“From a native perspective, we always talk about walking in two worlds,” said Ernest House Jr., executive secretary for the Colorado Commission of Indians Affairs, a project partner. “You walk in a native world and non-native world, with one foot in a moccasin and the other in a tennis shoe, and you have to balance those. This brings sort of the same approach to education.”

House is a member of the Ute Mountain Ute Tribe, one of three federally recognized Ute tribes involved in the project. Colorado’s Ute population is concentrated on two reservations in southwestern Colorado.

History Colorado — the agency that oversees the state’s archives, museums and preservation efforts — won the grant after falling short a year earlier, working in collaboration with the tribes to develop all the materials and activities.

One of the core pieces is exposing Ute young people to fieldwork in archaeology and ethnobotany — the scientific study of the traditional knowledge and customs of a people concerning plants and their medical, religious and other uses.

Organizers say Ute students will do archeological surveying at a gulch about an hour south of Grand Junction. They will traverse land, look for sites and record any that are found. Another group will travel to a plant-rich oasis in the San Luis Valley to study botany there. Tribal elders and other experts in the fields will be involved.

“We want Ute kids to not feel like STEM is ‘other,’ said Shannon Voirol, manager of exhibit planning for History Colorado. “There is all this STEM talk. ‘STEM, STEM, STEM.’ They have been doing STEM forever. Their families have been doing STEM forever. It is part of them. We want to really get that message through, so they do feel comfortable going into STEM careers and see themselves as STEM practitioners.”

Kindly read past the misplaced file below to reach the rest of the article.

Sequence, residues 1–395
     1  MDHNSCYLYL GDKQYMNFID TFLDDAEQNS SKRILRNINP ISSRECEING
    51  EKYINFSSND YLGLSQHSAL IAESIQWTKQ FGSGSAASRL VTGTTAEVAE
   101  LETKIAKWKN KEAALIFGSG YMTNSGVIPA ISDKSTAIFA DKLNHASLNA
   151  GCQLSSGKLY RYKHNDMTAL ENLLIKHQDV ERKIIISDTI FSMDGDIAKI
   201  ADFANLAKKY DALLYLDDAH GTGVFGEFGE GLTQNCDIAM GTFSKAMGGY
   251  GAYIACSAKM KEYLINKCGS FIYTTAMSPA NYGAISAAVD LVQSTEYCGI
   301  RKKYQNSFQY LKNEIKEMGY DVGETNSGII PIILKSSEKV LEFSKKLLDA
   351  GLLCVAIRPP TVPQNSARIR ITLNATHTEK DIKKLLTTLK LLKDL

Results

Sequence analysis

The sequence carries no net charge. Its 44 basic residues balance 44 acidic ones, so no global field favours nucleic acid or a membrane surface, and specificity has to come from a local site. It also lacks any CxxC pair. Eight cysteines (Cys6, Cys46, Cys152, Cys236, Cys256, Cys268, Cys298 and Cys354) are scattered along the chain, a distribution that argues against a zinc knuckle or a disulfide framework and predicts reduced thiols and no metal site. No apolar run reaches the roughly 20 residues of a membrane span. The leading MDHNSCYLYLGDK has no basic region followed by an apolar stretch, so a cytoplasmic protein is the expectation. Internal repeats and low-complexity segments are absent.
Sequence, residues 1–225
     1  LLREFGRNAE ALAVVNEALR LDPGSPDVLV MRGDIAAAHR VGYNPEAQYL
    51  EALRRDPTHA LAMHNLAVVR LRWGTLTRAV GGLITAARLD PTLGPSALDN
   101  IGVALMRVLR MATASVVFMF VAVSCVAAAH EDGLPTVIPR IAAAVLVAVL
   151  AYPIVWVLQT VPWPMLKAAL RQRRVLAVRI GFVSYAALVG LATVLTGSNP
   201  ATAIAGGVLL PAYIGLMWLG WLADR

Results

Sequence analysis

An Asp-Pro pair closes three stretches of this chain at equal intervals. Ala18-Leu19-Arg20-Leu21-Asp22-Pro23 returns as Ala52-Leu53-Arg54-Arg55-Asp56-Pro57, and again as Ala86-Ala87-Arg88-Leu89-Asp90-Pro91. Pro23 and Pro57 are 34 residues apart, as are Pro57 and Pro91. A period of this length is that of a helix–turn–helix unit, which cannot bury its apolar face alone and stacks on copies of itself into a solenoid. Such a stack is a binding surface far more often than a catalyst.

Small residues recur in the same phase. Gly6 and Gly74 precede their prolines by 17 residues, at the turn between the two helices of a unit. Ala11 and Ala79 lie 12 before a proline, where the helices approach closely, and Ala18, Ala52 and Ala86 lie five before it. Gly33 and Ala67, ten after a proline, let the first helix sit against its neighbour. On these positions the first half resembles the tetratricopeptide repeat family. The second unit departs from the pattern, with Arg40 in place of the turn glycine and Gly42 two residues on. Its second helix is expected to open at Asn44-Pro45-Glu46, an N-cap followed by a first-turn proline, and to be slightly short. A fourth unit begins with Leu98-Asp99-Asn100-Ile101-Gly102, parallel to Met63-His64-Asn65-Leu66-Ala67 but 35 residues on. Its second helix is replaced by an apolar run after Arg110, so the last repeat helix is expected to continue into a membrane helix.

The educational challenges facing Native American youth, many of whom live in dire poverty, are well-documented. Nationally, native youth post the worst achievement scores and the lowest graduation rates of any student subgroup.

In southwestern Colorado, Ute kids attend both public school and tribal schools.

Students on the Ute Mountain Ute reservation in Montezuma County — near the Four Corners area — enroll in schools in the Montezuma-Cortez School District, House said. The Southern Ute Indian Tribe, meantime, runs an innovative K-5 Montessori charter school that incorporates tribal traditions. Older students attend public schools in the Ignatio School District, House said.

The cross-cultural project also will involve science teachers in communities including Cortez, Durango and Bayfield, all of whom have worked on similar cultural exchange programs in the past.

Another goal is to expose the general Colorado student population to native knowledge — like the kids from the Fort Collins elementary school.

Karlee Maitland Gutierrez, a fourth-grade teacher at Zach Elementary, part of the Poudre School District, said she plans to incorporate what students learned about beading and other Ute practices into lessons that align with state academic standards.

With the grant money, History Colorado officials and their partners plan to develop “kits” of materials and activities for educators statewide, training for teachers, traveling programs and interactive online exhibits in which students can earn digital badges. Along with covering Ute knowledge on subjects such as beadwork and plants, the lessons will touch on the tribes’ engineering practices in building wood shelters, and sound amplification for music and dance.

The project’s aim is to engage 128,000 students, educators and experts in Colorado and Utah, officials said.